In an effort to meet the requirements of the United Nations Paris agreement on climate change, this country is piloting a Knowledge Management System (KMS) to monitor its greenhouse gas emissions.
At the launch of the KMS at the Hyatt Regency on Tuesday, Minister in the Ministry of Finance Allyson West told Guardian Media that T&T is leading the way in the Caribbean with the introduction of the KMS, a part of T&T’s National Climate Mitigation, Monitoring, Report and Verification (MRV) system.
“We are leading the way in the Caribbean in this exercise, we are introducing a system which is being launched today to allow for better monitoring and reporting on green gas emissions which is something we have to report on and that will allow us to better control those emissions,” she said.
The Paris Agreement, adopted by the UN in 2015 and signed by a number of member states since then, stipulates that countries must contribute to the global reduction of anthropogenic (man-made) greenhouse gases that cause global warming.
The Paris Agreement seeks to restrict global temperature rise to 2 degrees Celsius above pre-industrial levels with aspirations to further restrict it to 1.5 degrees Celsius.
West said T&T signed on to the agreement in 2018.
“Achieving this objective is important to the world, but more particularly and critically so for small island developing states, and therefore Trinidad and Tobago, as the adverse impacts of climate change can potentially pose an existential threat to us in the long term.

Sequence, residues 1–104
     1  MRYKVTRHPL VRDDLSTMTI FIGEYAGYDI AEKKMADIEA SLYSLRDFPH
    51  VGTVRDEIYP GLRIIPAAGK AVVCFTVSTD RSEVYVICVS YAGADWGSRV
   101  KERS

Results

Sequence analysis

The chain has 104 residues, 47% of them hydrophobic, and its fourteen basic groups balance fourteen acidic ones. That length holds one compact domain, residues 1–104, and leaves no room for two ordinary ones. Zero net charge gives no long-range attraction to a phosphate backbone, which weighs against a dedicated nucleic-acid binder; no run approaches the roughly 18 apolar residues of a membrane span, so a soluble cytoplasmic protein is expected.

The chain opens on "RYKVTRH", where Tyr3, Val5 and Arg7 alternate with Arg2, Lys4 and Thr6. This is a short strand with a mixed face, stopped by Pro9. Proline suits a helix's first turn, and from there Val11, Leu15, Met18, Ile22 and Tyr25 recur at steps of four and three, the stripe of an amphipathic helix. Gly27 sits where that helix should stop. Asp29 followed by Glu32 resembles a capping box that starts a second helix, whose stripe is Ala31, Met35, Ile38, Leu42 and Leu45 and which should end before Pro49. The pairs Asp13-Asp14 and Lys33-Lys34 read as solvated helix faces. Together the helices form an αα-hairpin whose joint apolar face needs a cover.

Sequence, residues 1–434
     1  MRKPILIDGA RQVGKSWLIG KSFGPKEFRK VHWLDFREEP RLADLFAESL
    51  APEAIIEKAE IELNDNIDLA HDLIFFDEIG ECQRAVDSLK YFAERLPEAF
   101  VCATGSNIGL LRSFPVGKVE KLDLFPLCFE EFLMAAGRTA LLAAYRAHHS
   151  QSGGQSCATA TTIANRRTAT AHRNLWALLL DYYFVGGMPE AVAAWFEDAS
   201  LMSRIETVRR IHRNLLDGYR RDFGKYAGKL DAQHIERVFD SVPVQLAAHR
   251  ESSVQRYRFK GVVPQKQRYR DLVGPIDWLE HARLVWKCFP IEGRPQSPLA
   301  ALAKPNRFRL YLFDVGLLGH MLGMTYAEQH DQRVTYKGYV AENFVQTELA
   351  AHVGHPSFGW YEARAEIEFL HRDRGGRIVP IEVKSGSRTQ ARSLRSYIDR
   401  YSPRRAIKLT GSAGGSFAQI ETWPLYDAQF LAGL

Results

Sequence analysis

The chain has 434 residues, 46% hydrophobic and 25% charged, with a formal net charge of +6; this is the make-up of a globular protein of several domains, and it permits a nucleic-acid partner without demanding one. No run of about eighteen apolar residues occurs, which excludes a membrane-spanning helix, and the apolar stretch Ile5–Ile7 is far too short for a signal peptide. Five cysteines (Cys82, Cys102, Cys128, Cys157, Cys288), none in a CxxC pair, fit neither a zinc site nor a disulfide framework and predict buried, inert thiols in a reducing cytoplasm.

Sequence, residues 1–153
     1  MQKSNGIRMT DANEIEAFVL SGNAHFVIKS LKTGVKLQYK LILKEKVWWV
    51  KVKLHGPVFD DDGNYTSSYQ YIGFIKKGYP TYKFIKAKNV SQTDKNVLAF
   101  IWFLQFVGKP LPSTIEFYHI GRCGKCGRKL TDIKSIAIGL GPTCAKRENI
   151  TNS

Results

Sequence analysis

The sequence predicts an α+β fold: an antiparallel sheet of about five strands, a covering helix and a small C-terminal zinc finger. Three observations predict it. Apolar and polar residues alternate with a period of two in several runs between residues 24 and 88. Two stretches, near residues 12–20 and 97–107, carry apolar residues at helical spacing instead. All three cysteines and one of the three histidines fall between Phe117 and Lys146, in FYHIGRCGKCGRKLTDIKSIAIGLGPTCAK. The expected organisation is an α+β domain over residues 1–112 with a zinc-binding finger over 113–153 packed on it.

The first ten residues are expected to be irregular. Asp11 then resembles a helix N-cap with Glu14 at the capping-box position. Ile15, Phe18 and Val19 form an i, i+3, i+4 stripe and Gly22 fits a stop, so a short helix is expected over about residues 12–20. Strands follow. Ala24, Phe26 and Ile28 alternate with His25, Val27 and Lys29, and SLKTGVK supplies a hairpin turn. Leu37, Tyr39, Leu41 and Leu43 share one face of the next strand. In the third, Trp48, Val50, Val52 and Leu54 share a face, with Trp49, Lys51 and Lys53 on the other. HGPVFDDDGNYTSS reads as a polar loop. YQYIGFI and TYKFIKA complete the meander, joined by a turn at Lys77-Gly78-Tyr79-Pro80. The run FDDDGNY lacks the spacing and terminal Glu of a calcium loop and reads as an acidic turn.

“In an effort to achieve this objective, countries including T&T, have submitted to the UN, their targets for reducing greenhouse gas emissions under the Paris Agreement.”
She said the Environmental Management Authority (EMA) will be responsible for hosting and managing the KMS and outlined the benefits to the country of reducing CO2 and greenhouse gas emissions.
“Tracking national emissions and identifying options and ways for reducing them will also provide opportunities for green growth, deploying advanced technologies, creating jobs, maximising production efficiency, and ultimately create a society that is efficient, clean and productive while realising positive economic growth.
“This is the direction of the world, and T&T is determined to capitalise on, and maximise these opportunities. The proper functioning of the MRV/KMS system, therefore, forms a critical part of the national machinery towards this end.”
West said the KMS was necessary because before its introduction companies were responsible for reporting their own emissions and often times, data was incomplete or missing.
“We have started monitoring but this is going to help us do it more efficiently—we have been asking various companies to provide information on their emissions, there were various gaps in that information so this will allow us to do it more efficiently.”
Asked if there are any plans to introduce legislation and/or sanctions on companies that produce too much CO2, West said: “That is to depend on the law that is to come, so we are having a voluntary monitoring and engagement process now with the pilot and after we assess how that goes, we will determine what legislation that we need to introduce.”
She was unable to say, however, when such legislation would be introduced.